New research shows that the supermassive black hole at the center of the galaxy can directly impact the chemical distribution of the host galaxy. This provides another piece of the puzzle to understand how galaxies evolve. It is well known that active supermassive black holes can create major changes in their host galaxies by heating and removing interstellar gas from the galaxy. But the compact size of black holes, their distance from Earth, and their obscuration by dust in galaxies make it difficult to measure the chemical distribution of gas around a growing supermassive black hole. work. In this study, an international team of researchers led by Toshiki Saito of the National Astronomical Observatory of Japan and Taku Nakajima of Nagoya University used ALMA (Atacama Large Millimeter/Submillimeter Array) to observe close to the central area of Messier 77 located 51.4 million light years away. towards the constellation Cetus. Messier 77 is a relatively close example of a galaxy containing an active supermassive black hole. Their work was published in the Astrophysical Journal.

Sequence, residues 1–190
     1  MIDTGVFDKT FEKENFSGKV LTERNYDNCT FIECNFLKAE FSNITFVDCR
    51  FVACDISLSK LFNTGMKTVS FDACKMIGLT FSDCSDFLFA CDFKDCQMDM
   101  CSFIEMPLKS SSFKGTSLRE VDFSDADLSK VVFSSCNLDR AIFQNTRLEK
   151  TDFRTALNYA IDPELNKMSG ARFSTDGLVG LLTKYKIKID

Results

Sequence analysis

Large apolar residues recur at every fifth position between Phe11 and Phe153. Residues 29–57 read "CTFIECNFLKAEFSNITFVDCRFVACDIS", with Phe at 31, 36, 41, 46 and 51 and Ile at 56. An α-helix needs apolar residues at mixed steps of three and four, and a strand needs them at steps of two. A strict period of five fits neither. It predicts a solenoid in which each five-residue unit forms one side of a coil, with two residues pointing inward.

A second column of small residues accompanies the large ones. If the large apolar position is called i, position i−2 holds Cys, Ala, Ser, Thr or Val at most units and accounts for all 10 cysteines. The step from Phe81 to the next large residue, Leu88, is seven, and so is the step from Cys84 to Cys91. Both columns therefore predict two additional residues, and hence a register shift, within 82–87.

Using ALMA’s high spatial resolution and new machine learning analysis techniques, the team was able to map the distribution of 23 molecules. This is the first study to objectively describe the distribution of all molecules discovered through objective observations. The results show that along the path of dipole jets emitted near the black hole, molecules commonly found in galaxies, such as carbon monoxide (CO), appear to decay, while the concentration of the molecules especially as isomers of HCN and cyanide radical (CN) increase. This is direct evidence that supermassive black holes influence not only the large-scale structure but also the chemical composition of their host galaxies.
More information: The Astrophysical Journal (2023). DOI: 10.3847/1538-4357/ace4c7
The Astrophysical Journal (2022). DOI: 10.3847/1538-4357/ac80ff